Book Summary of “Loving What Is: Four Questions That Can Change Your Life”: Loving What Is is a mode of inquiry, which is based on four questions intended to help free oneself from suffering, from delusions and from limiting beliefs.
By Byron Katie, 2016 (Synchronique éditions), 304 pages.
Original version, 2002.
Note: This article is a guest post written by Emily from the blog, Être enfin zen (‘Becoming Zen At Last’).
The book Loving What Is: Four Questions That Can Change Your Life comes with a 2+ hour DVD that shows Byron Katie helping people apply her method.
Review and Summary of “Loving What Is”:
Loving What Is is a mode of inquiry that is built around four questions intended to help free ourselves from our suffering, delusions and limiting beliefs.
The book is divided into 14 chapters. Much of it explains what the method is, which author Byron Katie calls ‘the Work’, and how to apply it. Byron Katie guides us throughout Loving What Is while helping us to apply the four questions in different categories: for couples and family life, for professional life and money, for self-judgments, for the body and addictions, for dealing with the worst, for doing the Work with children, etc.
Who is Byron Katie?
Byron Kathleen Reid, known as Byron Katie, was born in 1942 in the United States. She married twice, had three children. Professionally, she was successful in her career. Then, around the age of 33, she fell into such a depression that she could no longer get out of bed or bathe. She also had outbursts of anger that terrorized her children.
Ten years later, at the age of 43, she was hospitalized in a rehabilitation center (it was the only establishment that her insurance company agreed to cover). In this center, she terrified the other patients so much that they had to isolate her. She even felt that she didn’t deserve a bed and slept on the floor.
It had been a week since she had been in this establishment when, one morning in February 1986, Katie woke up. She was freed from her suffering. “All my rage, all the thoughts that had been troubling me, my whole world, the whole world was gone. At the same time, laughter welled up from the depths and just poured out. Everything was unrecognizable.”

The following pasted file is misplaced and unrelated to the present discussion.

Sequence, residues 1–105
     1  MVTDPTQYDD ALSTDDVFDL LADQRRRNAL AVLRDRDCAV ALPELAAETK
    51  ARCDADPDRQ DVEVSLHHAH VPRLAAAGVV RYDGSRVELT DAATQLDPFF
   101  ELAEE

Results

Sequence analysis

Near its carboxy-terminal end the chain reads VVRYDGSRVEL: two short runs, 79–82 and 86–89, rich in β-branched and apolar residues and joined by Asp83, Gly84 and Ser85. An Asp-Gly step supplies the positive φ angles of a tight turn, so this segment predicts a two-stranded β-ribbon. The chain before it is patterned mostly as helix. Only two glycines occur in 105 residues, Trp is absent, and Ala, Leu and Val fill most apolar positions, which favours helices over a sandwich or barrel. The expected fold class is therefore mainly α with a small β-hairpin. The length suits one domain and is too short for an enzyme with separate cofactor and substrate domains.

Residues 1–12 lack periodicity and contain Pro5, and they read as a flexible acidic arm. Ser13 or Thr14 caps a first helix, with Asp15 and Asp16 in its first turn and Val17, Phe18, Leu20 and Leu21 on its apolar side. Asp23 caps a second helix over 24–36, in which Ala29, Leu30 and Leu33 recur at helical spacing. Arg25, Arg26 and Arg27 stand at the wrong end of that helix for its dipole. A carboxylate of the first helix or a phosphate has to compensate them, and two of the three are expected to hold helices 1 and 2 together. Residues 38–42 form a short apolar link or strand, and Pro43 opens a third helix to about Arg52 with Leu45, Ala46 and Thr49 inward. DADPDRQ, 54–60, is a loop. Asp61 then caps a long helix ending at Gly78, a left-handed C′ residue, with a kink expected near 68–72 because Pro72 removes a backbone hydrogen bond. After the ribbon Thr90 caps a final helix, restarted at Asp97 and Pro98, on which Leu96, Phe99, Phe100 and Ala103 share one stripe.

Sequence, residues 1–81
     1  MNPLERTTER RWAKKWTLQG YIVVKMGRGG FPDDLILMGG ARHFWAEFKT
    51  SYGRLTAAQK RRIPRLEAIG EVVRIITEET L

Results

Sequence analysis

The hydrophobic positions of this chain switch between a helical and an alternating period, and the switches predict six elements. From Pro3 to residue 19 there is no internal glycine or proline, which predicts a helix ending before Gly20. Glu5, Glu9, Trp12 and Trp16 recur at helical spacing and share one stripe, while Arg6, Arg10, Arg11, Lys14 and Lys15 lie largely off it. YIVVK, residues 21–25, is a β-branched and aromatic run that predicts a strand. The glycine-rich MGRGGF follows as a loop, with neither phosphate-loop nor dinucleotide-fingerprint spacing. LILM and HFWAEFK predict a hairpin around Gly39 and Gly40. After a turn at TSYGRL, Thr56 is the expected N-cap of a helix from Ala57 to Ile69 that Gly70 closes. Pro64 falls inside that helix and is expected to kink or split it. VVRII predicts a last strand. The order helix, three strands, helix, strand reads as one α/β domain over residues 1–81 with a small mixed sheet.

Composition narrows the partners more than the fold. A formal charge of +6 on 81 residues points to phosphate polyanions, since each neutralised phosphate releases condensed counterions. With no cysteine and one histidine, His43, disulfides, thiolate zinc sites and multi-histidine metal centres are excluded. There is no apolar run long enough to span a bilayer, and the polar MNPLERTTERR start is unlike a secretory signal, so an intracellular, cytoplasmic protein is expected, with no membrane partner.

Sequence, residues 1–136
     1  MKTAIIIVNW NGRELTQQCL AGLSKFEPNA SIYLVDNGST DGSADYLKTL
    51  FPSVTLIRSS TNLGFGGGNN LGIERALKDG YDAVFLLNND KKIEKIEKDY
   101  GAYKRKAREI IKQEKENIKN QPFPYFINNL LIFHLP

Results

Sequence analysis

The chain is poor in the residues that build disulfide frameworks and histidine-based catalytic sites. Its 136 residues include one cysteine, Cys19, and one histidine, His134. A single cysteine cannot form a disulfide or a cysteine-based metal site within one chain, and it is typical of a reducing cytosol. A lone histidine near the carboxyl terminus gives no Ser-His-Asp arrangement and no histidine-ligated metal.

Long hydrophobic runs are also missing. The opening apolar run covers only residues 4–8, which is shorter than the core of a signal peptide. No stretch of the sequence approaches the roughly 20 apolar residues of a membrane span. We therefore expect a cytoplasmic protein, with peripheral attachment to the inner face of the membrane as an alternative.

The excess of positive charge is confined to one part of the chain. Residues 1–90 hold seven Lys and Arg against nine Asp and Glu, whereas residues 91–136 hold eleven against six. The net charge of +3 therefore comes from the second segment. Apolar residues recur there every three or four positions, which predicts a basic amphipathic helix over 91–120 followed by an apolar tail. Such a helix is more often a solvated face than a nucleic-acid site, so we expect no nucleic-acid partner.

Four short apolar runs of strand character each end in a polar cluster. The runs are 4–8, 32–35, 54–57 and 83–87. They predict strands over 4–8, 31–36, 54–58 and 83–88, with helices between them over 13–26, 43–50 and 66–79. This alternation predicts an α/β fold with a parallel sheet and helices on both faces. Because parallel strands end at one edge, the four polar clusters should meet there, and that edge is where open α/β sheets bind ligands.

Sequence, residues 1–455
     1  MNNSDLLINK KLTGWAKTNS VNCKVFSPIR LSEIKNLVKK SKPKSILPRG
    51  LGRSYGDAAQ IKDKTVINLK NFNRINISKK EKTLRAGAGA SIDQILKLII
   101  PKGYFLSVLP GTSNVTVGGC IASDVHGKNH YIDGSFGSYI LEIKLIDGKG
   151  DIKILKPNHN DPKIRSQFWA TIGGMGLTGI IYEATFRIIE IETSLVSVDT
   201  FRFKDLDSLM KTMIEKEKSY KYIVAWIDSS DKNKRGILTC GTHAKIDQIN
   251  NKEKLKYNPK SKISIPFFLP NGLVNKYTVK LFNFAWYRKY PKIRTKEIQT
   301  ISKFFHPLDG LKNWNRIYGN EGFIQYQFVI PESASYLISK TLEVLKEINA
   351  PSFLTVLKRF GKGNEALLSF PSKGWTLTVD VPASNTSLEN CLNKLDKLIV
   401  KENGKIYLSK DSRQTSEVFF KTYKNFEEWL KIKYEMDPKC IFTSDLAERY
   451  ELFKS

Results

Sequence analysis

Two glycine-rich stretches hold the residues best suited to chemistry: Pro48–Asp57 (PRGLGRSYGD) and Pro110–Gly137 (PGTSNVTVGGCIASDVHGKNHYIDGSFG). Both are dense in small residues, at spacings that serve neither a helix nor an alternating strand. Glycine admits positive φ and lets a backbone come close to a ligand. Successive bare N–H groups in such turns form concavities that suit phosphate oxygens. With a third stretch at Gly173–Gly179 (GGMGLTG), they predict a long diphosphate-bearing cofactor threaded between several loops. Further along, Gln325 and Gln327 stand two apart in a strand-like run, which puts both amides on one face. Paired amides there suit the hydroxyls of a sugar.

When Katie returned home, her family no longer recognized her. Then, over time, they realized that the old Katie was not coming back. Her children, her neighbors, her friends asked her what had happened to her. She had understood, through self-analysis, that all her old thoughts were wrong. This ordinary woman, who was not looking for anything special spiritually, had discovered how to achieve peace and freedom.
What is the Work?
One might think that this method is too simplistic to be effective, but it is precisely because it is simple that it is effective. The Work is rapidly and radically transforming the way we approach our problems. This transformation makes them disappear.
Very quickly, people came to Katie’s to discover this freedom as well. Then, gradually, Katie began to travel to share her method in churches, town halls, in large companies, in law firms, therapists’ offices, prisons, schools, hospitals, etc.
People who do the Work explain that after a while, “The Work is no longer something I do. It is doing me.” The mind finds stressful thoughts on its own and deconstructs them even before suffering arises. Conflicts no longer need to exist but only love for oneself, for others, for everything that life brings. “Loving what is” becomes a natural process.
Recent neuroscience research supports Byron Katie’s discovery. Antonio Damasio and Michael Gazzaniga, who are two renowned neuroscientists, explain that “the left hemisphere of the human brain is prone to fabricate inner narratives that do not necessarily correspond to the truth.” Their research shows that we tend to believe the stories we tell ourselves. This is where the suffering comes from.
Byron Katie says the only way to understand what the Work is is by experiencing it yourself.
Chapter 1: A Few Basic Principles
Notice When Your Thoughts Are in Conflict with Reality
If we pay attention to it, we find that we believe thoughts such as “people should be nicer”, “children should be good”, “my husband/wife should agree with me”, “I should be thinner “, etc.
These thoughts make us suffer because they clash with reality.
Stick to Your Own Business
According to Katie, there are only three kinds of business in the universe: mine, yours, and reality (reality is anything beyond my control, yours or anyone else’s).
Our stress comes mainly from our tendency to meddle in other people’s business (“you should find work, you should be on time, I want you to be happy”, etc.) and in that which is related to reality (when we have worries about earthquakes, war, or our own mortality).